At the heart of Piers Plowman’s restlessness is the problem of salvation. “How can I save my soul?” (C.1.80; my translation of Derek Pearsall’s edition), Will asks Holy Church near the beginning of the poem. The task Langland sets for the dreamer is to discover whether existing institutions, including educational institutions, can win salvation for individual souls and for the Christian community.

For a 14th-century poem, Piers Plowman is notably ambivalent about the value of 14th-century institutions. In Piers Plowman, institutions malfunction and serve the interests of the powerful. In one memorable passage, Will finds himself at a feast with Reason, Patience, and a fat doctor of divinity, among others. The menu is mostly scripture, though soup, stew, and wine are also on offer. In this psychedelic scene, the doctor stuffs his face and bloviates on theology. Will remarks to himself that the university man is “a selfish glutton with two big cheeks—/ He has no pity on us poor people; he misdoes / What he preaches and does not demonstrate compassion” (15.85-7). When asked, the doctor rather conveniently defines doing well as “doing what doctors teach” (15.124).

The doctor of divinity, a nameless caricature, sums up the traps of higher education. Expert in the most prestigious academic subject known to Langland, the doctor is also pretentious, greedy, and insulated by wealth from pressing social issues. Will perceives that he doesn’t have the whole answer to the question of salvation.

Senate House Library, SLV/17 (c.1400) (Photograph by Harpreet Kalsi)

At times, Piers Plowman despairs that education could have any value at all. In one unforgettable passage, Langland muses, “Unlearned honest laborers and land-tilling people / Pierce with a pater noster the palace of heaven / And pass through purgatory without penance on account of their perfect faith” (11.293-95). What if education simply equips students to justify sin to themselves? Would our souls be better off without it? Langland wonders. Yet he hedges his bets by placing this radical sentiment in the mouth of a character named Recklessness, Will’s impetuous alter ego.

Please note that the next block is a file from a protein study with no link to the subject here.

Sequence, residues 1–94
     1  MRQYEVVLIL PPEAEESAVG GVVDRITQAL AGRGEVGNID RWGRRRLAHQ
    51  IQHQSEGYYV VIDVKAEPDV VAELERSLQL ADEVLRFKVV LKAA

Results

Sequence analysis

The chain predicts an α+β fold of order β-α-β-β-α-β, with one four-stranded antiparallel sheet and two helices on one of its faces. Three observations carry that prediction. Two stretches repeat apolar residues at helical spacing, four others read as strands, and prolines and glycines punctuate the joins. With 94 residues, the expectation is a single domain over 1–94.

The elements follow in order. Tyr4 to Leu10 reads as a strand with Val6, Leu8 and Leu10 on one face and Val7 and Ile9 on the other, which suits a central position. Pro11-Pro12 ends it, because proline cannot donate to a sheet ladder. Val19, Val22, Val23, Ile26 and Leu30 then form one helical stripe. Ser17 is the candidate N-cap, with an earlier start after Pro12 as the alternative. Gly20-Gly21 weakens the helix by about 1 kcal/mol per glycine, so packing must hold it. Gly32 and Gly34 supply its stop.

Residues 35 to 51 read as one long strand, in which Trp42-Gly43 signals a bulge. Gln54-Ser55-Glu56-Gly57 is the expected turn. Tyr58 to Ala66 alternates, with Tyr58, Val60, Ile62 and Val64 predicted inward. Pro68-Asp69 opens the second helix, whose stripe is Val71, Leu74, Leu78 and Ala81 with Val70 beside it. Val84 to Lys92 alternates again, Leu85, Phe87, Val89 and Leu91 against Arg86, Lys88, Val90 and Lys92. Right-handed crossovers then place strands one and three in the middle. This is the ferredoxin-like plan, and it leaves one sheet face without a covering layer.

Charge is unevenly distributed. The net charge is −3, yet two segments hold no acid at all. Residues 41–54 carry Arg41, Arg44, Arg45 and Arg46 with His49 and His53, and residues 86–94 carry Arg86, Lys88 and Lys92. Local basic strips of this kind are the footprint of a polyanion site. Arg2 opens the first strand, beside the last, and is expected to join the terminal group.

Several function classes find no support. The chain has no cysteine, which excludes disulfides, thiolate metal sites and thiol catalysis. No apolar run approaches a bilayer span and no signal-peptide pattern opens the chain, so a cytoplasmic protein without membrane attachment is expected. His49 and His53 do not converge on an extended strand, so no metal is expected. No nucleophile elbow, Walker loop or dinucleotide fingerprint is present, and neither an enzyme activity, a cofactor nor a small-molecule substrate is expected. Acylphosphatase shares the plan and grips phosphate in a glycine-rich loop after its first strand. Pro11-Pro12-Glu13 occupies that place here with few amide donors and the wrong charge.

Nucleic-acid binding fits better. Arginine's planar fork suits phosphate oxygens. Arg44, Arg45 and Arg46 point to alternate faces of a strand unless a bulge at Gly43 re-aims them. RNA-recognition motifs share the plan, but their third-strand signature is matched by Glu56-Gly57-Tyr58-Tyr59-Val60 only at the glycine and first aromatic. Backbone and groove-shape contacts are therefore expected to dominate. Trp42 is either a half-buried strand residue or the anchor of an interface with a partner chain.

Langland’s strategy, as in other facets of his poetics, is to deconstruct education in order to reform it on different grounds. In the penultimate scene of the poem, the shadowy Christ-like figure Piers Plowman receives the Four Evangelists from Grace as “four big oxen” (21.262) with which “to teach the faith” (271). Langland takes the opportunity to pun on ‘team (of oxen)’ and ‘(homiletic) theme,’ pronounced the same in Middle English. Education and its institutions are redeemed through a vision of society founded on manual labor and the harmonious interpretation of scripture: a synthesis of lay and learned cultures. But the vision doesn’t last. Piers Plowman ends with a successful assault on Conscience and the church by devils, wicked friars, and other enemies.

The ideological battle over the soul of higher education has deep historical roots. Then as now, education at its worst effectively helps the powerful accrue social and financial capital. A majority of Republicans and Republican-leaning independents now see higher education as fundamentally compromised by modern versions of Langland’s doctor of divinity. Republicans, increasingly defined by adherence to conservative ideology, view institutions of higher education through the prism of partisanship. The Trump administration has undertaken to enshrine that dissenting view in policy.

At its best, education develops terms and tools to achieve lasting social justice across difference. In the 1370s and 1380s, William Langland had a vision of social justice through education but felt compelled to present it in brackets, with severe caveats. In that tradition, students, faculty, and others still invested in the social and ethical missions of institutions of higher education can look to the future with optimistic caution.


Eric Weiskott is Assistant Professor of English at Boston College, where he teaches and writes about medieval English literature. ericweiskott.com